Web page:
People who are suffering from a condition, illness or injury and meet certain federal requirements can seek Supplemental Security Income. However, given that they are suffering from a medical issue, it is not unusual for them to need hospitalization or a stay at a nursing facility. A question that is often asked is whether a person who enters a facility can continue to receive SSI benefits. The answer is yes, but there are certain rules that go along with that.
If a recipient of SSI benefits enters a hospital, nursing home, or other facility with Medicaid paying for greater than half of the cost, the SSI will be reduced to $30 monthly. A person who receives income in addition to SSI might have their SSI lowered based on that income. Individuals who are 18 and older and reside in a public medical facility without Medicaid paying for more than half of the costs cannot get SSI. For a child under 18 who enters a facility with Medicaid or private insurance paying for all or for more than half of the stay, the benefit will be limited to $30 monthly. If the child has income, the SSI can be reduced further.
Some people in this situation will not be in a facility for very long. Here, a person who is in the facility for 90 days or fewer can continue getting their full SSI benefits for as long as three months. There is certain information that must be provided to the Social Security Administration, though. First, a doctor must write that the person will be in the facility for 90 days or fewer. Then, there must also be a statement from the individual or someone who knows the individual well that SSI is necessary to maintain a home or living situation while in the facility. These documents must be submitted to the SSA before he or she leaves the facility or by the 90th day there, whichever comes first.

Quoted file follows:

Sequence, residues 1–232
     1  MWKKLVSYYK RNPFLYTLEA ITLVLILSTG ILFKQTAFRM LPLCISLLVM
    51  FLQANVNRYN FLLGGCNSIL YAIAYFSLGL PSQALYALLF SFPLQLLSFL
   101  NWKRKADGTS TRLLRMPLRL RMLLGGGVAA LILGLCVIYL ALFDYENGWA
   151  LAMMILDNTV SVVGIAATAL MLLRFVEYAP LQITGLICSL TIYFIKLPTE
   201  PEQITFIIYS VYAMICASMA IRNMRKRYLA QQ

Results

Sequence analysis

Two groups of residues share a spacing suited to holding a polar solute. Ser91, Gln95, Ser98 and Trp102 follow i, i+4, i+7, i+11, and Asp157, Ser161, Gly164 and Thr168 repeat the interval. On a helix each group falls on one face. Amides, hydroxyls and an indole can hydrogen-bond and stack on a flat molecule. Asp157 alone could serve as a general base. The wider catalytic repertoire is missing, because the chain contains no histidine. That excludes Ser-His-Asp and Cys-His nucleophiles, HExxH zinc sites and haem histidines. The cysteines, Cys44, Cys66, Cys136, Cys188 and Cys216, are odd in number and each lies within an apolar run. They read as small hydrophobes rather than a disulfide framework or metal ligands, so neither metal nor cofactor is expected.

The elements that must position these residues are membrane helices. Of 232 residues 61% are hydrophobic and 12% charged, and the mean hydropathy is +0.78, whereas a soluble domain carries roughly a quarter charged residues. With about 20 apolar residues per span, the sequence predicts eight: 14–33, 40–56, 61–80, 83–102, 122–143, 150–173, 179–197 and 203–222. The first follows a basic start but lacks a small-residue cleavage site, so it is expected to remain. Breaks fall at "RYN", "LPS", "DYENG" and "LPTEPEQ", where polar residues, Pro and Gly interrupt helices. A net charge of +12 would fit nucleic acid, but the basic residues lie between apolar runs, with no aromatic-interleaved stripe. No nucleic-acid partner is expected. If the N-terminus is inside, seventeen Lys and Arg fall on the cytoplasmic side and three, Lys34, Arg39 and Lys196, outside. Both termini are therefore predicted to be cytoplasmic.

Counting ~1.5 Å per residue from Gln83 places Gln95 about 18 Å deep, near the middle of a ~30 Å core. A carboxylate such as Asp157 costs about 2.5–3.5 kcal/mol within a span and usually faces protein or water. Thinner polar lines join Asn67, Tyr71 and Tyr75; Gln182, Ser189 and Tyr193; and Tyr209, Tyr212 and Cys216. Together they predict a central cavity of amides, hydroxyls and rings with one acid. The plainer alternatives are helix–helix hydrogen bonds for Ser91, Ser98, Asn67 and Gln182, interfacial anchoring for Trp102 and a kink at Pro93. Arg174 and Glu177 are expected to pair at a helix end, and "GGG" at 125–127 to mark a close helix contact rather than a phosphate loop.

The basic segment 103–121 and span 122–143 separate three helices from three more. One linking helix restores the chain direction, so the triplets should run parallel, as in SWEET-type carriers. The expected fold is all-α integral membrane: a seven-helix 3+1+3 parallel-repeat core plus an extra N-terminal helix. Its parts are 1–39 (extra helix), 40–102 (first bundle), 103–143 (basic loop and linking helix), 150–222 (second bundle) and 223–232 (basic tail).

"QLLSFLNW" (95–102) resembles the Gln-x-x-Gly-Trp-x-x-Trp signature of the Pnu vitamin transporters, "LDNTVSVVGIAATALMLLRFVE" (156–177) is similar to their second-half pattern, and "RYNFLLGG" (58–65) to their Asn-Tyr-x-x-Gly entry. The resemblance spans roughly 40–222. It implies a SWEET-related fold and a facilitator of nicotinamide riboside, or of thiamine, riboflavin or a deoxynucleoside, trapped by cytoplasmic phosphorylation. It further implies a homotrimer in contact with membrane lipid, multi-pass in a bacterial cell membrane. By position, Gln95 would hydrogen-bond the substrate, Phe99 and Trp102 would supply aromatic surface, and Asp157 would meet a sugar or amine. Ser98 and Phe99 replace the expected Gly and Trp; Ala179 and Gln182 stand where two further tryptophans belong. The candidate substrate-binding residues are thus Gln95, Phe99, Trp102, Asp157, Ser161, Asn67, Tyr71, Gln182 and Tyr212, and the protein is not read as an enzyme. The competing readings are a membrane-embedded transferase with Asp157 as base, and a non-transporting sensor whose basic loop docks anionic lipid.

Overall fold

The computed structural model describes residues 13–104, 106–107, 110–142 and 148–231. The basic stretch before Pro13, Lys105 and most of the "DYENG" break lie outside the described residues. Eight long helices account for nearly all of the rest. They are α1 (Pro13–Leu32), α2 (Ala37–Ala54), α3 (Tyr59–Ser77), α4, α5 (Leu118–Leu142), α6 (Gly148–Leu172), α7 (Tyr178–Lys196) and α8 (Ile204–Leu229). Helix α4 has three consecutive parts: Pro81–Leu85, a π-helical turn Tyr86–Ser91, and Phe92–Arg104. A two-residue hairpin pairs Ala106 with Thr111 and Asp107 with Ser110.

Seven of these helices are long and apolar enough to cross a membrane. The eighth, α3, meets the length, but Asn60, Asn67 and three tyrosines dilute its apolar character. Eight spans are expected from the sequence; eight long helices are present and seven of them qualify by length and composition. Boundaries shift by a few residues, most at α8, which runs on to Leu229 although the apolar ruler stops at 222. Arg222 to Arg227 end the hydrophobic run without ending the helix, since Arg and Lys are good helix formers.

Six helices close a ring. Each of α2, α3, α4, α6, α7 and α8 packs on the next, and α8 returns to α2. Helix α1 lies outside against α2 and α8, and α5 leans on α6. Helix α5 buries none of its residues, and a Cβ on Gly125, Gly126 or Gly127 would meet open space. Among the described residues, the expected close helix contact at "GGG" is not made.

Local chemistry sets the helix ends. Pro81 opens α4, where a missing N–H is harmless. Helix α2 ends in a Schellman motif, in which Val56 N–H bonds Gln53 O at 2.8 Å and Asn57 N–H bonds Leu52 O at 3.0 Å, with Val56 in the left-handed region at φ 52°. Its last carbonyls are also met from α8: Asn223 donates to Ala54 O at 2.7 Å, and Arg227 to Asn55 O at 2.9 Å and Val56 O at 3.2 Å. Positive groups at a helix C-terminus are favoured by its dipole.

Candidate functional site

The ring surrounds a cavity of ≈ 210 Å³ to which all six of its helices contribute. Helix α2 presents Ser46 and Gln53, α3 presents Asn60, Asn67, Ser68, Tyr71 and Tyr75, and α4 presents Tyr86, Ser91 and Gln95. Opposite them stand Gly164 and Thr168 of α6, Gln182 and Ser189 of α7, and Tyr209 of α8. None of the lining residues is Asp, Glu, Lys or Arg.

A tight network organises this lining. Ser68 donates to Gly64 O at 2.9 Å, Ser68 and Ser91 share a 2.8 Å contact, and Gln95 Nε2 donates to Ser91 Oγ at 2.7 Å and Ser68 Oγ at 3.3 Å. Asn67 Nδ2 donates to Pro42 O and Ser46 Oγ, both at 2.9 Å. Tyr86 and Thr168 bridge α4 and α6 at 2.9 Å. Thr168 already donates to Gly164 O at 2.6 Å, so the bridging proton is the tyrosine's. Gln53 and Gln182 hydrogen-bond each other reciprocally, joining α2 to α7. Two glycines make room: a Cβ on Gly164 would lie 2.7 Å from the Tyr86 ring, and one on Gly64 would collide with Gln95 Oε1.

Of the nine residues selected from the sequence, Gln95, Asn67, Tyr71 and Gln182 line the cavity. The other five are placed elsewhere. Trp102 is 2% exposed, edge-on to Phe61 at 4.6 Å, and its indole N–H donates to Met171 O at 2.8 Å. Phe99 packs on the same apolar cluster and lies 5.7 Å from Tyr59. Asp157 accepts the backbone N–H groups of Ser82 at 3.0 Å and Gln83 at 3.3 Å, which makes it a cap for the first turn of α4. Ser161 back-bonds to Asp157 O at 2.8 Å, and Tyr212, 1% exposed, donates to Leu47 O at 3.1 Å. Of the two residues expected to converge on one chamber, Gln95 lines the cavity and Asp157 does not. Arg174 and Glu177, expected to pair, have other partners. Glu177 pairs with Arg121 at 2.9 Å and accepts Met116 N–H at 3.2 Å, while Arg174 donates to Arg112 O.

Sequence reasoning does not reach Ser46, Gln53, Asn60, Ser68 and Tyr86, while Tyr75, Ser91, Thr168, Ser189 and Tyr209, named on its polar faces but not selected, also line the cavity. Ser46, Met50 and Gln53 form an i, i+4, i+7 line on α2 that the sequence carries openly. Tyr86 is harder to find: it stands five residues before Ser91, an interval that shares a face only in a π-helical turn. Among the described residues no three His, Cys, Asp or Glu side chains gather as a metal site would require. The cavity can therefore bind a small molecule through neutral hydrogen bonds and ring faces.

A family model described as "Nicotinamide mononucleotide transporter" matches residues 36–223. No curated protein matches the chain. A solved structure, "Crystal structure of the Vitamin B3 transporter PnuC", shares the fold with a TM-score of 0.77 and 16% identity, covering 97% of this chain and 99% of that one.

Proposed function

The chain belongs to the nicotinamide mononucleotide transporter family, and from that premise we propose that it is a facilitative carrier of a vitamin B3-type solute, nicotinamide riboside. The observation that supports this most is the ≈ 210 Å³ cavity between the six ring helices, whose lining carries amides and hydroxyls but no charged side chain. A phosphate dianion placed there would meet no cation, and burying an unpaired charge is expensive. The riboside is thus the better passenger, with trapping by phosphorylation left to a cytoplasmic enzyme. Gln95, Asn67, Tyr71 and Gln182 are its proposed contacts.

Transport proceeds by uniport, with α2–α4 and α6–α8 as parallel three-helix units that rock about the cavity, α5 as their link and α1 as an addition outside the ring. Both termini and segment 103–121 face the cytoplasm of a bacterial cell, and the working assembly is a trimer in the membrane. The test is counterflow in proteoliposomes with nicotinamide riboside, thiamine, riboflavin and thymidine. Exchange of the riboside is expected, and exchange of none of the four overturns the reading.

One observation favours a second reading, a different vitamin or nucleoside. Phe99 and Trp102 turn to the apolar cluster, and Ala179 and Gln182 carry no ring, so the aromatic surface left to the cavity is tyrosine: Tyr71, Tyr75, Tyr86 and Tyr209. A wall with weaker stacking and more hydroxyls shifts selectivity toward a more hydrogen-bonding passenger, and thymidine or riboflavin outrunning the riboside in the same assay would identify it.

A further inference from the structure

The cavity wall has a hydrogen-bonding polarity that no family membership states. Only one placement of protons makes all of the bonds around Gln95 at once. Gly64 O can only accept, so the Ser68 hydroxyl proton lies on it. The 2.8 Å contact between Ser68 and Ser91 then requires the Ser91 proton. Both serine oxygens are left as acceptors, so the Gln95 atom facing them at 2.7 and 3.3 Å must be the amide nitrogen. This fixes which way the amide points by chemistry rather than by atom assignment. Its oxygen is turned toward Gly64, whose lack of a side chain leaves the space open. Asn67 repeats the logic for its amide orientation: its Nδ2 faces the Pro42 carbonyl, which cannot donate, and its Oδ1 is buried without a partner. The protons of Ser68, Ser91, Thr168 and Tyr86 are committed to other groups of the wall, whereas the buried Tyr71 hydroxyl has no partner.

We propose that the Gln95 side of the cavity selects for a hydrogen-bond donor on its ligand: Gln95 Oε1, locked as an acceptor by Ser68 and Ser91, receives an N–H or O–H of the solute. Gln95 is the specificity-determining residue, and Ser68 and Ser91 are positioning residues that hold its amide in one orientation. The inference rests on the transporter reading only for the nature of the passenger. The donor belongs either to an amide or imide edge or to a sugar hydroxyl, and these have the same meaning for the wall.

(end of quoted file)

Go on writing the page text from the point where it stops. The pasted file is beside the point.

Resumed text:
SSI is an important part of the lives of many low-income people or those who are older than 65 or blind. For those individuals who must enter a medical facility, the ability to maintain SSI benefits is a common concern. It is important to understand that the benefits can continue provided all the requirements are met and the necessary information is provided to the SSA. Discussing the case with a legal professional experienced in all aspects of SSI Supplemental Security Income can ensure that the process goes smoothly and benefits are as protected as fully as possible.
Source: Social Security Administration, “Spotlight On Continued SSI Benefits For Persons Who Are Temporarily Institutionalized — 2017 Edition,” accessed on Aug. 29, 2017